Bangkok - Above the murmur of prayers, the workmen’s
noisy repairs on the bombed Erawan Shrine are revealing the handicraft
and mindset of a team of assailants. A visual survey of the downtown
street corner indicates that ball bearings from the exploding pipe-bomb
had flown across the tracks of the elevated Skytrain, a distance of
some 40 meters, to crack although not break some windows of an overpass
to the Gaysorn mall.
Inside the grounds of the small Shrine of the 4-headed Brahma, a few
wooden elephants had lost their tusks to steel pellets and a few roof-tiles
were shattered. The major damage was to soft tissue. Human skin and
muscle are vulnerable to even the crudest anti-personnel weapon, like
the homemade device detonated at the evening rush hour on Monday, August
17. The casualty numbers are still rising, already reaching 20 dead
and 120 injured.
Towering above the shrine, the Erawan shopping center connected to the
Hyatt, is disfigured by dark empty rectangles instead of storefront
windows. Those vacant spaces at the Alexander McQueen boutique and a
posh tea room, scream out a question: If the attackers were out to paralyze
Thailand’s capital, why didn’t they use a larger bomb? The only answer
that comes to mind is: This wasn’t the work of real terrorists.
The brutal damage done to Mumbai in November 2008 shows the dimensions
of an actual terror attack: powerful bombs, arson, firefights with automatic
weapons, mass killing, hostage-taking and battle to the death by disciplined
fanatics. Terrorists do not drop a homemade grenade of gunpowder inside
a backpack and then flee in a clown’s costume under a curly wig and
yellow Simpsons T-shirt. It is tragic that victims, mostly ethnic-Chinese
tourists, died in what’s otherwise a black comedy.
First of all, a ball bearing bomb in these latter days is a joke, a
contraption from a CIA manual of 40 years ago. Even in the poorest villages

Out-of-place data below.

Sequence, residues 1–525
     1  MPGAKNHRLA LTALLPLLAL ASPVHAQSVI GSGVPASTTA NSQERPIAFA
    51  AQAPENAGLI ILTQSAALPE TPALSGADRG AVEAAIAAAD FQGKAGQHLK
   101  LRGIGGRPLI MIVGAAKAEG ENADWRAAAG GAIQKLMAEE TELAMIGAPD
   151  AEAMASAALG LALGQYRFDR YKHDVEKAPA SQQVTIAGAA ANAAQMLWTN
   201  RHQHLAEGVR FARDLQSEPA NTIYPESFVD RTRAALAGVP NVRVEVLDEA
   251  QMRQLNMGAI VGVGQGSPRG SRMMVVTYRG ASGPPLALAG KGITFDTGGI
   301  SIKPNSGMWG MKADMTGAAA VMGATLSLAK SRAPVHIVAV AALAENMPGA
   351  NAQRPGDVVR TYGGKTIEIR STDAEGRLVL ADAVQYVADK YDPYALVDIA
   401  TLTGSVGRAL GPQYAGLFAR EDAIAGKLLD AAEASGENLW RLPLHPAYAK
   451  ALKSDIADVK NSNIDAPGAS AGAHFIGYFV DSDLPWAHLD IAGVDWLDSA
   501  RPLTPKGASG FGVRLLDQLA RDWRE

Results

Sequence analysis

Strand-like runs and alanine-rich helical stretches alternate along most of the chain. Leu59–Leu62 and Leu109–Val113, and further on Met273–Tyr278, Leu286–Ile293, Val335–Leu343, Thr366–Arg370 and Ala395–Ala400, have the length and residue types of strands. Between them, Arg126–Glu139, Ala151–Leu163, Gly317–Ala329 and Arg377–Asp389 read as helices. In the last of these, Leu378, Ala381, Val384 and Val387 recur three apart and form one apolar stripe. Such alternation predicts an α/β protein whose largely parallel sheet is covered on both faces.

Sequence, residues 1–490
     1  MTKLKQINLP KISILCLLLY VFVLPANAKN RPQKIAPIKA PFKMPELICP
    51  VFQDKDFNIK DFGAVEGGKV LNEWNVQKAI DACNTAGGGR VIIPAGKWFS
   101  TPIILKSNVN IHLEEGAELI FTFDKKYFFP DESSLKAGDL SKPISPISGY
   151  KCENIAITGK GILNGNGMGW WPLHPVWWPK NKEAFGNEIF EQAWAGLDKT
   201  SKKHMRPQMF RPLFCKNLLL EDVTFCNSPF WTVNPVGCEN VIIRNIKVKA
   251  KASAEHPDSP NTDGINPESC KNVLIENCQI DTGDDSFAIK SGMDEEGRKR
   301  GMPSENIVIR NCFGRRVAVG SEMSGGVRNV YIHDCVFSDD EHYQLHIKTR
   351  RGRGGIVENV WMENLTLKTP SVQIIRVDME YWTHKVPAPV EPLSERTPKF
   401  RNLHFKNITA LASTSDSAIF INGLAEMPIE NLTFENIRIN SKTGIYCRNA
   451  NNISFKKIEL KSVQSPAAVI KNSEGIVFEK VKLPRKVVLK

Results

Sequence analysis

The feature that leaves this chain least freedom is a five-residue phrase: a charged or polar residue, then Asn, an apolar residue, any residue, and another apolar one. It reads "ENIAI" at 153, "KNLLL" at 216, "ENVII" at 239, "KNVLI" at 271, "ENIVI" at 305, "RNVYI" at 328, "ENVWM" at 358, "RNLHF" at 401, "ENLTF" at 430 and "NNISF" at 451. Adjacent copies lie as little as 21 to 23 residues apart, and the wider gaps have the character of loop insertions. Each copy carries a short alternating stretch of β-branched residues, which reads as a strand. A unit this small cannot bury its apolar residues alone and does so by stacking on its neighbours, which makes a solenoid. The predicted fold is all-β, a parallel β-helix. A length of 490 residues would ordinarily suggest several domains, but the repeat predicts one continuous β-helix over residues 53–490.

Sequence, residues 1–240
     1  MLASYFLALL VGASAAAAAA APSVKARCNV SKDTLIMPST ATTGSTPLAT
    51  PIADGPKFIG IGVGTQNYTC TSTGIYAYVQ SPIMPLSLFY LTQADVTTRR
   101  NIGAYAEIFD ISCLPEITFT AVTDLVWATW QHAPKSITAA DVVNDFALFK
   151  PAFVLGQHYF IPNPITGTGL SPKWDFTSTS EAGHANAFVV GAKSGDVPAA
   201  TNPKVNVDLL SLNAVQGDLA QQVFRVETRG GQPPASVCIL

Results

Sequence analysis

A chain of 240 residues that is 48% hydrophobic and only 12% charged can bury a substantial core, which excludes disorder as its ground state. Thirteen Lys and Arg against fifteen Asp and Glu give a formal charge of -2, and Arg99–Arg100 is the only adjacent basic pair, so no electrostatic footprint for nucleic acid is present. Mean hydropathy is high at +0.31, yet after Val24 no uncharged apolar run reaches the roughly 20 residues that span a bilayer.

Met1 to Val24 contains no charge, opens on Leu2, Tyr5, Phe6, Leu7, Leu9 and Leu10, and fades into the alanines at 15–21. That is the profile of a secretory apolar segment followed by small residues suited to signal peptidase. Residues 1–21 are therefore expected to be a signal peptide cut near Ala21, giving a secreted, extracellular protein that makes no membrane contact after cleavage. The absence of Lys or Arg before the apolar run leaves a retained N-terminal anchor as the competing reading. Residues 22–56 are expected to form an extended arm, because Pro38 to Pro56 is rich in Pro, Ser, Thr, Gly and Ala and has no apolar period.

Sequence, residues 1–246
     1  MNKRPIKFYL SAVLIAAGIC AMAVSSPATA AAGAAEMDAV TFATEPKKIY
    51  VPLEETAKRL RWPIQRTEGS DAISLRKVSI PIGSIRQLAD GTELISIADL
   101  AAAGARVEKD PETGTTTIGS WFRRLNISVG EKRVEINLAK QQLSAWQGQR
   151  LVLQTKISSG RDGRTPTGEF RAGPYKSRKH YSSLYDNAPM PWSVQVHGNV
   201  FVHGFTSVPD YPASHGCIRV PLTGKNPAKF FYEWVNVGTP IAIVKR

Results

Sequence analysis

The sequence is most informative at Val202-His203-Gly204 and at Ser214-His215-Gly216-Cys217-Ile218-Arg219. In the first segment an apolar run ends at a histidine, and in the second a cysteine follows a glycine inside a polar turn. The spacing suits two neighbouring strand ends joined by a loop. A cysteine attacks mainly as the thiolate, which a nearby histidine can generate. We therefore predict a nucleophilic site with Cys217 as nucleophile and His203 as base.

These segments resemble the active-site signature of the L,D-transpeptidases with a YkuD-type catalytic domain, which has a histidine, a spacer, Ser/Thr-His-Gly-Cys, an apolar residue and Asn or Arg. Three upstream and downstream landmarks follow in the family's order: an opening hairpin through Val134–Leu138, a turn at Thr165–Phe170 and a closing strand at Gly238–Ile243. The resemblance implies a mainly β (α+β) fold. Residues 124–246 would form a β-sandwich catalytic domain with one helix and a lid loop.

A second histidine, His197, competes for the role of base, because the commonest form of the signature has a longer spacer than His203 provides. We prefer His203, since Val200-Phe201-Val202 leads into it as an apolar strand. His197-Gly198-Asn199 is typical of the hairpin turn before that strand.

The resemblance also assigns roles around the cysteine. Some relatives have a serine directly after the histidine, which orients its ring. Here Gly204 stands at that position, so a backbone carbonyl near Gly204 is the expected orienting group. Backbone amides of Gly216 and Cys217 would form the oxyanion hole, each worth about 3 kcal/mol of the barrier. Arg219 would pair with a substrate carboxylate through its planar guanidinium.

in the swamps of south Thailand, teenage guerrillas are able to obtain
stolen C4 explosives packing the punch to level a shopping mall. The
Bangkok attacks would be a discredit to their martial skills.
So what is the game plan behind the amateurish game now puzzling this
city, which has seen it all, including bloody street-fighting, volleys
of gunfire and arson of its entire downtown?
Bomb Under My Feet
Just a couple of hours before I started writing this piece, I rode the
Skytrain to the suspected hideout of the evil clown in yellow. A tuk-tuk
driver recalled dropping off the foreigner at Silom Lane 9, a narrow,
filthy gutter lined with the caged windows of tenements. There are a
few tight spaces for cutting across to Soi 7-1/2, an absurd street name
even in this most bizarre of cities. The notorious alley is a warren
of the sleaziest massage parlors in the Nana district sex industry,
as can be presumed from one of the shop signs: Dr. BJ’s Nuru.
The horseshoe pair of alleyways lack sufficient open space for a prayer
carpet, but the next street down is the entertainment quarters for tourists
from Islamic countries, where the kebabs and humus as as tasty as Dubai’s
and the shisha smoke wafts lazily in the humid night. After perusing
a few cheap guesthouses (the clean dorm with good internet connection
is a prime suspect), I ambled back to Silom Avenue, where a policeman
grabbed me by the elbow and pushed me back into the alley.
“Don’t step any further forward, there’s a bomb planted under the Skytrain!